Setting loss on Eircom shares against the summer house gain
We recently cashed out all our Vodafone shares in the move to Verizon . . .
Sparked by your recent article, I have a very simple query that might need a very complex answer (and you may have dealt with it before), but have you calculated the actual loss that someone would make in the following situation?
I, and my wife each invested IR £4497.55 (1,465 shares) in Eircom in July 1999. This holding was brought up to1523 (each) with the addition of the loyalty shares.
At all times we took the “do nothing option” and let be what will be. We specified Capital for the designation of payment from Verizon, to avoid income tax.
As it happens I sold a summer house this year and made a capital gain, so I am trying to calculate the exact loss on the disposal of my Eircom/Vodafone/ Verizon shares so that I can off-set it against the capital gain from the sale of the property.
I have read the Revenue Note Return of Value to Vodafone Group plc (“Vodafone”) Shareholders & related share consolidation by means of a scheme of arrangement under part 26 of the UK Companies Act 2006 but that doesn’t cover the situation from the beginning . . . ie from the original investment in the Eircom shares.
Mr RB, email I’m going to start with a word of caution. As you state, the question might be easy but the answer is definitely not straightforward because of all the various takeovers, consolidations, mergers, payments in stock etc – to say nothing of the loyalty shares. So, while I will certainly give you my best answer, it is between you, your financial adviser and the tax man to determine an accurate assessment for Revenue purposes.
You’ve clearly done some heavy reading already so I assume you understand that.
Essentially, there are four elements to your calculation – and, fortunately, Revenue has done all the heavy lifting in a series of reports on Eircom valuations down the years.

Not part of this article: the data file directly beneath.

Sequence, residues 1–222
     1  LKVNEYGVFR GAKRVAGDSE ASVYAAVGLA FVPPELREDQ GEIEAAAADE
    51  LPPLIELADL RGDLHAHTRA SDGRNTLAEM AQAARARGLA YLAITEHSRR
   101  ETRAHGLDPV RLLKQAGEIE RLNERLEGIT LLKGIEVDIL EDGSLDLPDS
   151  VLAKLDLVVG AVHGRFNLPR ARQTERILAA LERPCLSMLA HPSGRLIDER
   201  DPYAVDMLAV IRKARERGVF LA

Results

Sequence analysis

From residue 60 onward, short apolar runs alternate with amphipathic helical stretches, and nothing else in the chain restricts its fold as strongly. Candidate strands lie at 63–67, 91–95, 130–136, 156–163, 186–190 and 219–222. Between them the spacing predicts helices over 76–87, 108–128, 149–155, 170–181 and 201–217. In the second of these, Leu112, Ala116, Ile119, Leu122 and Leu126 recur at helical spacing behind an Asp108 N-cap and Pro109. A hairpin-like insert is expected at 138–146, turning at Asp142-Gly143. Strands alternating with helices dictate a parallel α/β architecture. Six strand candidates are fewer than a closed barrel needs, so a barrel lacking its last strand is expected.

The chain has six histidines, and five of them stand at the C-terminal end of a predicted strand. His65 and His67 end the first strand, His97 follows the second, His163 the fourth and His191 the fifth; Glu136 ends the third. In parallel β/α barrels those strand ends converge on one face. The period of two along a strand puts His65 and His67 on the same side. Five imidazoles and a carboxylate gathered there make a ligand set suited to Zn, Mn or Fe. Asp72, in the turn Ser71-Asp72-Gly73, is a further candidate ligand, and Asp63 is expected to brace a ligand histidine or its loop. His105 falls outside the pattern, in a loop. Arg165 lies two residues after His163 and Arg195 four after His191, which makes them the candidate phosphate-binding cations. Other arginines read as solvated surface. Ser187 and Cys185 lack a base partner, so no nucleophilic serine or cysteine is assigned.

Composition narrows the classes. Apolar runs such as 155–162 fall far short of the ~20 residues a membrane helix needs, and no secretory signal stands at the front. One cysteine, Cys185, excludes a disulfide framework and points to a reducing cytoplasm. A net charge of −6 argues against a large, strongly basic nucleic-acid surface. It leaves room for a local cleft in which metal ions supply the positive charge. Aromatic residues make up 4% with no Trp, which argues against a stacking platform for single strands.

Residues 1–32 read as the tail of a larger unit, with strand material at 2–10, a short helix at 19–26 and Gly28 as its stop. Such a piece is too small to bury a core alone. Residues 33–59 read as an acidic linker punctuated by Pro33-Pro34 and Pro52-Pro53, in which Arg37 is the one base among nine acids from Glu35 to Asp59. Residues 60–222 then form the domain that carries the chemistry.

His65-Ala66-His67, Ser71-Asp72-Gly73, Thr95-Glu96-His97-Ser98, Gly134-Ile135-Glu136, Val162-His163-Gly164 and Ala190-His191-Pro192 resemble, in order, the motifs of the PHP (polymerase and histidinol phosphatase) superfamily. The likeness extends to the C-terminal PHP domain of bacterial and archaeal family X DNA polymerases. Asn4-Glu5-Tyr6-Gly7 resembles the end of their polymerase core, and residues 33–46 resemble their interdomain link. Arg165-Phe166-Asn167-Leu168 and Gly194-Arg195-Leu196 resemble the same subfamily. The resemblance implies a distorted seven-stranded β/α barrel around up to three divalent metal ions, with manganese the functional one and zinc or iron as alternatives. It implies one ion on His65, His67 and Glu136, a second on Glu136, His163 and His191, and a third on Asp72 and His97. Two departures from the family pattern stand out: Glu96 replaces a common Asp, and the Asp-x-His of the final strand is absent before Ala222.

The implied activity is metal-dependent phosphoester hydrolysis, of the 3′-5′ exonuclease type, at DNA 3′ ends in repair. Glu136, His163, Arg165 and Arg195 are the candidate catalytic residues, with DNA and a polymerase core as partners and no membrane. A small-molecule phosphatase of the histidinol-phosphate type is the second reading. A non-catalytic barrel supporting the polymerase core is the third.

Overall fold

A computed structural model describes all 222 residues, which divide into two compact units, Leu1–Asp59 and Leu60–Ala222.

First, before we get to the Vodafone holdings and the more recent events, let’s go back to the original breakup of Eircom.
Revenue calculated that your original purchase price per Telecom Éireann share was €3.90. So for your 1,465 shares, in euro terms, the purchase price was €5,713.50.
When Tony O’Reilly’s Valentia took the landline business private, he paid €1.335 per share. Revenue valued that part of the business at €1.69, so there was an early loss of 35.5 cent per share.
But what about the free shares? Well, clearly there was no loss there and the €1.335 per share paid by Valentia would be considered a gain. In your case, each of you had 58 free “loyalty” shares for holding on to your stock for a full year after flotation. At 1.335 per share, your gain on 58 shares would have been €77.43 each.
While this would be well below the annual capital gains tax exemption limit of €1,270, that does not come into play as you need to offset gains against losses in any given year first – and indeed future gains against residual losses – before setting net gains against the annual exemption limit. We’ll return to that element of the transaction in a minute.